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Cakes In Space


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Philip Reeve & Sarah McIntyre

Price: 
6.99

Page 45 Review by Stephen

In zero gravity, no one can hear you butter-cream scream.

Ah, the perils of being peckish!

This stars the most ferocious fruit cakes you could ever imagine. The most belligerent and bellicose Battenbergs ever! There's a green Fondant Fancy which I really don't fancy and that cupcake's a killer for sure! Hundreds & Thousands should be the icing on your cake, not the number of them desperate to do you dietary damage. Abandon ship!

From the creators of UKLA Award-winning OLIVER AND THE SEAWIGS, one of the most thrilling and funny illustrated prose books I've ever read (I rate it right up there with Dave Shelton's exquisitely well observed and equally award-winning A BOY AND A BEAR IN A BOAT), comes a tale so tall it's told way up there in outer space.

Imagine this: one hundred and ninety-nine years until your next breakfast!

Astra's family is all set to travel to Nova Mundi, such a faraway planet that it will take yonks to get there.

"Yonks" is a specific, space-science unit precisely calibrating time taken between planets. I thought you already knew that.

Mum, Dad and Astra will all settle down in cryogenic suspension pods and so go to sleep for the duration. But Astra's not quite sure what the duration really means. One hundred and ninety-nine years sounds a long time to go before her next breaker so she asks the all-knowing Nom-O-Tron for a quick snack which won't ruin her appetite between meals. Guess what? It ruins her appetite between meals!

"Please state the exact type of cake you require," said the Nom-O-Tron.

She is a bit vague. And a bit too specific.

"Oh, just make me the most amazing, super-fantastic cake ever!" she said. "I want something brilliant! I want something so delicious it's scary! I want the ultimate cake!"

At which point Astra is whisked away by her parents and settled down to sleep. And, while she sleeps, Nom-O-Tron clicks and ticks away, working on her instructions, interpreting them as accurately as it can - "brilliant", "delicious", "ultimate"... I'm sure there was another adjective there - until the results cause a systems-wide wibble which wakes Astra up when the spaceship's journey is only halfway complete!

No one else wakes up, only Astra. So tentatively, ever so tentatively, she explores the corridors to discover that Nom-O-Tron has delivered the goods and come up with the confectionary: it's made the ultimate cake. It's made a bazillion if not squillion of them. They may well be so delicious it's scary but - with big, bulging eyes and the most fearsome of fangs - it is they are who are scary and Astra who seems quite delicious. And she's out there, all alone, in the night...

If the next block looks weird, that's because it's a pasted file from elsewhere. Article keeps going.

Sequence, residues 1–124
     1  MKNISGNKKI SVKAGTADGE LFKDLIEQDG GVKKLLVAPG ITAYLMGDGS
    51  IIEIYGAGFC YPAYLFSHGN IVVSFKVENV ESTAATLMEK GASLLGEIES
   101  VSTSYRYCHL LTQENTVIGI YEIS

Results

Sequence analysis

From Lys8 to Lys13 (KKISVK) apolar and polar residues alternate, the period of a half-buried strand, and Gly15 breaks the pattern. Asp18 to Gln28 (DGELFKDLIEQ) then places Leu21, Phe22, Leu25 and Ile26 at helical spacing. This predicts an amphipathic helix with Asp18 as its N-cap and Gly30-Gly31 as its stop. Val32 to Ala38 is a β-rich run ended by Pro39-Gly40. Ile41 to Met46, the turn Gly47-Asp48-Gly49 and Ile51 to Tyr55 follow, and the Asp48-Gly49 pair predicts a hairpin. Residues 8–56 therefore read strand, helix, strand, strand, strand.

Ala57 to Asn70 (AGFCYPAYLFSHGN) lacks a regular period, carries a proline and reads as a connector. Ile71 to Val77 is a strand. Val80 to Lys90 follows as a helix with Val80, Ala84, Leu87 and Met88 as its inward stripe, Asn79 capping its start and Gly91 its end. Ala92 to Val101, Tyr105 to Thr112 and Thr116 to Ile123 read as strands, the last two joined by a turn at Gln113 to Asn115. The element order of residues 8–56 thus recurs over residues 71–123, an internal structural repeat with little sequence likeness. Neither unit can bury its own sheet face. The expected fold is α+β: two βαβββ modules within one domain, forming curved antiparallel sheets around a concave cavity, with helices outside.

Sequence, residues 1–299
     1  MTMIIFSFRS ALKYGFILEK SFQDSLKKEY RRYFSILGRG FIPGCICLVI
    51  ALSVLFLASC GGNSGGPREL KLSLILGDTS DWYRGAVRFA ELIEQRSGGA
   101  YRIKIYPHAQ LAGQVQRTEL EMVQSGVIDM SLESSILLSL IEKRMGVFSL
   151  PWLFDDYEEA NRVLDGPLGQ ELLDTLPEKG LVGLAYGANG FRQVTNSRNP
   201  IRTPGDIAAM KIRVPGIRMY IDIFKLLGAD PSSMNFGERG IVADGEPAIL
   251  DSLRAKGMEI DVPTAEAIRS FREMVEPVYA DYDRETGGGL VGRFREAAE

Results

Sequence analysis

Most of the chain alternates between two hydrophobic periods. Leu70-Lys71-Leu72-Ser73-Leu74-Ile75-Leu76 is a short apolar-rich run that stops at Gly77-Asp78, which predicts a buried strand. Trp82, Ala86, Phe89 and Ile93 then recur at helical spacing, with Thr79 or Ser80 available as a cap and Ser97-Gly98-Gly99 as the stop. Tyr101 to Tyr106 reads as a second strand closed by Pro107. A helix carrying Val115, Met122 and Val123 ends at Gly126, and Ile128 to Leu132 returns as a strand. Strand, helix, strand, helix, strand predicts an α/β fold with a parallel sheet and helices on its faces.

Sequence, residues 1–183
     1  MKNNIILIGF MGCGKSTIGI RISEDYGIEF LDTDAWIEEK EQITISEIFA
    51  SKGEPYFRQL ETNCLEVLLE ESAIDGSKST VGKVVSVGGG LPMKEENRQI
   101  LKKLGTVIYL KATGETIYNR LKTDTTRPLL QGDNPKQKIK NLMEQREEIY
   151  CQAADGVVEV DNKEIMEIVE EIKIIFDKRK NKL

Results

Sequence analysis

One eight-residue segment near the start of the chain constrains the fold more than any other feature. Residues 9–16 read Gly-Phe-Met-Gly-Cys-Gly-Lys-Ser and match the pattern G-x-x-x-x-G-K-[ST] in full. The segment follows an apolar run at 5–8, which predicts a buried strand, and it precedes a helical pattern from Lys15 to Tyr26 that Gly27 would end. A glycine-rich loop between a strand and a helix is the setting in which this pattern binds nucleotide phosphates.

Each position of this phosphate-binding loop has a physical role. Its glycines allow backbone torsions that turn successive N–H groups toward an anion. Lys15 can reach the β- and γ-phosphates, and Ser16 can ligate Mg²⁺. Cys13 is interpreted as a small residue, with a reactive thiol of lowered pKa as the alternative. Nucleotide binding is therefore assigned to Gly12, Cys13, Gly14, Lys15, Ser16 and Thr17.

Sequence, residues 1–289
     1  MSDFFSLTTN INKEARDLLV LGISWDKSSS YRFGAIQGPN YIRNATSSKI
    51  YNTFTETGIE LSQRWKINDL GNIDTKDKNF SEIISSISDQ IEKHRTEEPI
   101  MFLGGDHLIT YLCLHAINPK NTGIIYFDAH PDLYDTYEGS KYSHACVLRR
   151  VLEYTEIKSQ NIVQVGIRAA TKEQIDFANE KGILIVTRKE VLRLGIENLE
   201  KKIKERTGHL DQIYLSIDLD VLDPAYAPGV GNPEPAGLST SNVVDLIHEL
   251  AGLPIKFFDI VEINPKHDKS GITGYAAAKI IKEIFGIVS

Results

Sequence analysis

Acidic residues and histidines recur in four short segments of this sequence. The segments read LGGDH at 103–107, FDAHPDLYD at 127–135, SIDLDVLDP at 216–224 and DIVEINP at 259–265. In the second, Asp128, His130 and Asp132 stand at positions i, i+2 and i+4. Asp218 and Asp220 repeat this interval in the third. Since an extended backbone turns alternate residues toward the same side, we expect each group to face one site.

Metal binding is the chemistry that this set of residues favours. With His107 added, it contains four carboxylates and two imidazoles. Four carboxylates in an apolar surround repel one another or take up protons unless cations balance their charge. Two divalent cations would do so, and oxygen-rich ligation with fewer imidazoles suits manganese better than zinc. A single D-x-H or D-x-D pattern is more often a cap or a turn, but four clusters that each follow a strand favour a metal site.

Well, until the googly-eyed Poglites pop up to plunder the spaceship's spoons. These aliens have developed warp-drive, hyper-drive and even parking-when-permitted-at-night. But they have never managed to master spoon technology! It's too advanced. They threaten to zap Astra with their Arkle-splifflicator.

"The first alien's suit might not have been able to find a translation for 'Arkle-Splifflicator', but Astra still felt pretty sure that she didn't want her arkles splifflicated: the last thing she needed right now, she felt, were splifflicated arkles."

Yep, there's that same love of language I found in OLIVER AND THE SEAWIGS: "the spilled-salt glitter of the stars" and a clinical, dark dining area "where clean white surfaces shone coldly in the dim light, like icebergs on an Arctic night." Cake has been turned into a verb and this definitely one book in which you do not want to be "caked"!

The prose once more has been fully integrated into the illustrations, or is that vice-versa? Either way, it is as one. I adored the far from obvious coronas of McIntyre's stars, representing their radiating luminosity. Which sounds awfully highbrow so let me add that I also loved her maniacal, man-eating mega-sponges which are worthy of Jim Henderson, bibbling with bobbly cream. Astra is wide-eyed with wonder throughout - check every single page! - while the Poglites could not look more loopy and gormless.

So who will win out, do you think, between the mutant meringues and the dim-witted Poglites, tentacled to the teeth with stolen spoons?

"So you've escaped, have you?" growled the Poglite captain. "You still think you can scare us with your cakes? We are Poglites! We eat cakes for breakfast! Well, not really for breakfast - that would be weird - but we eat them for afternoon tea..."

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